Lee Mendelson was a huge part of my childhood. He was a big part of yours, too, and you probably don’t even know it. That’s because Mendelson was involved in almost every Peanuts cartoon ever produced.
After making the 1963 Willie Mays documentary, A Man Named Mays, Mendelson contacted Peanuts creator Charles Schulz about being his next subject. However, instead of a documentary, The Coca-Cola Company talked to Mendelson about doing a Christmas special. From there, Schulz brought in animator/director Bill Melendez and Mendelson hired jazz composer Vince Guaraldi. Soon, the holiday favorite, A Charlie Brown Christmas, was born.
From there, Mendelson went on to work on It’s the Great Pumpkin, Charlie Brown and countless others. In fact, his resume features a total of 50 different Peanuts productions, including Race for Your Life, Charlie Brown, which after 38 years, is finally coming to DVD this week.
Despite the time that has passed, the themes of Race for Your Life, Charlie Brown will be all too familiar to kids today. Sure, there are plenty of summer camp hijinks, but also the fear and strength that comes with encountering bullies. You can bet that Charlie Brown can tackle those kids better than he handles a football!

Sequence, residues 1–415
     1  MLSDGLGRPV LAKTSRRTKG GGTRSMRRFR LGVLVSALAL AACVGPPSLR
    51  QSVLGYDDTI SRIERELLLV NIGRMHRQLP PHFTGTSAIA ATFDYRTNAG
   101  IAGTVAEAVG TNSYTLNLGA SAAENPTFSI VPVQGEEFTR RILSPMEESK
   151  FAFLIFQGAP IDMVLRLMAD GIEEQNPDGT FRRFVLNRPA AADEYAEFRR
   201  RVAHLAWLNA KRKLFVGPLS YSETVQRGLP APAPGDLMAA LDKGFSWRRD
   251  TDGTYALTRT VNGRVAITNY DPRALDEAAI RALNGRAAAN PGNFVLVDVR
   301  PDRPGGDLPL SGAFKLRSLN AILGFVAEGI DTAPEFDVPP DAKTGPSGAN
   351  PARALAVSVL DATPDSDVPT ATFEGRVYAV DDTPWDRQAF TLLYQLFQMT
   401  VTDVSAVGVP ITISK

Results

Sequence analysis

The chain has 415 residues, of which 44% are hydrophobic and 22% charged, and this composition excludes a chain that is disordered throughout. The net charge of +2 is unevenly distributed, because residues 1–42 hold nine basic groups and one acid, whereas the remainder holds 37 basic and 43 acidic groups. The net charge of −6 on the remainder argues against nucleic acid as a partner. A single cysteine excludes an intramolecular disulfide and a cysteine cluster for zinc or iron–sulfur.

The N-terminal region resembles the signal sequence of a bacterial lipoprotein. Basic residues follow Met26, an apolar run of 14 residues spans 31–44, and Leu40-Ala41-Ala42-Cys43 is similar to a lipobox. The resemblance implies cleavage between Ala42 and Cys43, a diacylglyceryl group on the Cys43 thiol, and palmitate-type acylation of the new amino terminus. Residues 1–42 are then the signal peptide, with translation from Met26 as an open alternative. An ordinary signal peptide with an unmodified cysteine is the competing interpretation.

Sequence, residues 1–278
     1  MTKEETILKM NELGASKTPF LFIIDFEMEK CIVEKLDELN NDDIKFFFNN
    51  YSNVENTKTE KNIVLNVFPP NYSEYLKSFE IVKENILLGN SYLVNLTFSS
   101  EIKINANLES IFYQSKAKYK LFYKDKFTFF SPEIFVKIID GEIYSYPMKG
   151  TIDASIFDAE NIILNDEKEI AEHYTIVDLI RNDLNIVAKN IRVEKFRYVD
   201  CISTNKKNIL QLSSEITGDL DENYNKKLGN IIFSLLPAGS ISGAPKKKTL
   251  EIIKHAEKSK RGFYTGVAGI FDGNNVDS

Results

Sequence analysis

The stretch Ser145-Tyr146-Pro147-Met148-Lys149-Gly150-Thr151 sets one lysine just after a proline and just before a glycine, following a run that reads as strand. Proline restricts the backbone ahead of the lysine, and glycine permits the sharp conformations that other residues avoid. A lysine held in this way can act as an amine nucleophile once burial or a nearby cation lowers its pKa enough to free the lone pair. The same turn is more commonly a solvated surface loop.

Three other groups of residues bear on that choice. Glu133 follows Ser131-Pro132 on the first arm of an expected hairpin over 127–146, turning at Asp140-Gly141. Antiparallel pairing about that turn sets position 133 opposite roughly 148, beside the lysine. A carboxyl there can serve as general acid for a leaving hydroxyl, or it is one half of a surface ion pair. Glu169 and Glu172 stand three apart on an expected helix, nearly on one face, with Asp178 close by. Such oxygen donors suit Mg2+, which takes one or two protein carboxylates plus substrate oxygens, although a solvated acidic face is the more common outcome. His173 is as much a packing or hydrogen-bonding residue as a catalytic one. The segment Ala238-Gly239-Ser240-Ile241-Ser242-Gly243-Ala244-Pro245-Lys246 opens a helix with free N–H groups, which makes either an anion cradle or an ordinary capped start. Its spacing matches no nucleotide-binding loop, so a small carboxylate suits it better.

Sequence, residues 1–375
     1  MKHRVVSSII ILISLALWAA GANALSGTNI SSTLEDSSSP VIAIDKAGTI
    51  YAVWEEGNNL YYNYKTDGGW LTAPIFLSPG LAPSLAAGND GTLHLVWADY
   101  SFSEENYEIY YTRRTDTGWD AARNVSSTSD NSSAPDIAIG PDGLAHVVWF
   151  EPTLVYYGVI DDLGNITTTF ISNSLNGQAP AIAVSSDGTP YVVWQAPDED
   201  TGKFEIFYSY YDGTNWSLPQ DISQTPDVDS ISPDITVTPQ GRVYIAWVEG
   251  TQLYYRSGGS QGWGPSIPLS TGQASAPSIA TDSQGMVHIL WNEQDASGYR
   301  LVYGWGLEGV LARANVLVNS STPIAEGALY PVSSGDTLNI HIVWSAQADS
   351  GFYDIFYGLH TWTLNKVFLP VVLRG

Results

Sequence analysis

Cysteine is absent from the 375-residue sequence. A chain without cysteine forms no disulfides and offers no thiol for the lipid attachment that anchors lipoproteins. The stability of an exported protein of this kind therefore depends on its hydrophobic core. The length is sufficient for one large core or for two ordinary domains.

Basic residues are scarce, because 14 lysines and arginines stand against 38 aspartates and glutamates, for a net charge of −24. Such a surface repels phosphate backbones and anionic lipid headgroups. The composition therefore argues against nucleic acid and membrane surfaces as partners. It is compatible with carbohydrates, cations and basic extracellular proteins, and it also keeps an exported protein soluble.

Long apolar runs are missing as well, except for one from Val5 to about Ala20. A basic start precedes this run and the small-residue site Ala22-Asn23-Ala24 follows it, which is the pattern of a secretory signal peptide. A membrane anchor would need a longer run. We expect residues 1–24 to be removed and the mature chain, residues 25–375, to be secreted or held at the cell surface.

Besides his role as an executive producer for Peanuts and Garfield, Mendelson wrote the lyrics to “Christmas Time Is Here,” which has been performed countless times over the years. This year, at the age of 81, he received the Winsor McCay Award at the 2015 Annie Awards for his career contributions to the world of animation.
Recently, I got the chance to speak to Mendelson about the Race for Your Life, Charlie Brown DVD release, how the Peanuts franchise fares 50 years after A Charlie Brown Christmas, and what he sees for the future of Charlie Brown, Snoopy, Lucy, Linus, and the rest of the gang.
GeekMom: Can you explain a little bit about your role in the Peanuts franchise? What exactly does the executive producer do?
Lee Mendelson: The executive producer normally makes the deal either with an advertising agency or a network and gets a budget for shows. Then, he hires the writer, the producer, the director, and so forth. Although we didn’t hire Mr. Schulz, obviously. He was one of the partners.
GM: I know that the Christmas special came first. Did you ever think that this one special would lead to so many other Peanuts productions?